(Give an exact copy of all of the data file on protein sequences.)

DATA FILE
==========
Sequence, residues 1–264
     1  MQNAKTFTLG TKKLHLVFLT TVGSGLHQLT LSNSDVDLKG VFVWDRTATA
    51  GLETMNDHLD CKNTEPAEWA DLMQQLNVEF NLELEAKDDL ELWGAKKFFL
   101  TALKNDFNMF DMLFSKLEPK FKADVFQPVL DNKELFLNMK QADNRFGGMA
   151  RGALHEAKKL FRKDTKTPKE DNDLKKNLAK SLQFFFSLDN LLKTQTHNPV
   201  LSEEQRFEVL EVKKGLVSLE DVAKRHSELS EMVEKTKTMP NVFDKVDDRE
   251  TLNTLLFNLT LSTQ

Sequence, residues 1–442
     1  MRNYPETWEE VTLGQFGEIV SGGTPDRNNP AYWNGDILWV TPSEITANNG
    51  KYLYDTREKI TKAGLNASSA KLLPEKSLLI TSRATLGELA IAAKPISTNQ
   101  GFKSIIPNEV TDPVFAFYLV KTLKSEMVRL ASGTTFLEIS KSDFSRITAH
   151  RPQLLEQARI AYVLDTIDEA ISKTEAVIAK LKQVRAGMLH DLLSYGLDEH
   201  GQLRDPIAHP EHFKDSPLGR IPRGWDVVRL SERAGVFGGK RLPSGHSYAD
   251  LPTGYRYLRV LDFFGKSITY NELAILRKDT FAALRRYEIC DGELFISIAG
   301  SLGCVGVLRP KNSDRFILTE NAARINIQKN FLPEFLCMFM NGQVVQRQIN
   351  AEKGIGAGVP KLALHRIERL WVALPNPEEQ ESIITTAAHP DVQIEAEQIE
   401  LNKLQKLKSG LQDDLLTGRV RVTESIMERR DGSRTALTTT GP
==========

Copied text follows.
Sequence, residues 1–264
     1  MQNAKTFTLG TKKLHLVFLT TVGSGLHQLT LSNSDVDLKG VFVWDRTATA
    51  GLETMNDHLD CKNTEPAEWA DLMQQLNVEF NLELEAKDDL ELWGAKKFFL
   101  TALKNDFNMF DMLFSKLEPK FKADVFQPVL DNKELFLNMK QADNRFGGMA
   151  RGALHEAKKL FRKDTKTPKE DNDLKKNLAK SLQFFFSLDN LLKTQTHNPV
   201  LSEEQRFEVL EVKKGLVSLE DVAKRHSELS EMVEKTKTMP NVFDKVDDRE
   251  TLNTLLFNLT LSTQ

Sequence, residues 1–442
     1  MRNYPETWEE VTLGQFGEIV SGGTPDRNNP AYWNGDILWV TPSEITANNG
    51  KYLYDTREKI TKAGLNASSA KLLPEKSLLI TSRATLGELA IAAKPISTNQ
   101  GFKSIIPNEV TDPVFAFYLV KTLKSEMVRL ASGTTFLEIS KSDFSRITAH
   151  RPQLLEQARI AYVLDTIDEA ISKTEAVIAK LKQVRAGMLH DLLSYGLDEH
   201  GQLRDPIAHP EHFKDSPLGR IPRGWDVVRL SERAGVFGGK RLPSGHSYAD
   251  LPTGYRYLRV LDFFGKSITY NELAILRKDT FAALRRYEIC DGELFISIAG
   301  SLGCVGVLRP KNSDRFILTE NAARINIQKN FLPEFLCMFM NGQVVQRQIN
   351  AEKGIGAGVP KLALHRIERL WVALPNPEEQ ESIITTAAHP DVQIEAEQIE
   401  LNKLQKLKSG LQDDLLTGRV RVTESIMERR DGSRTALTTT GP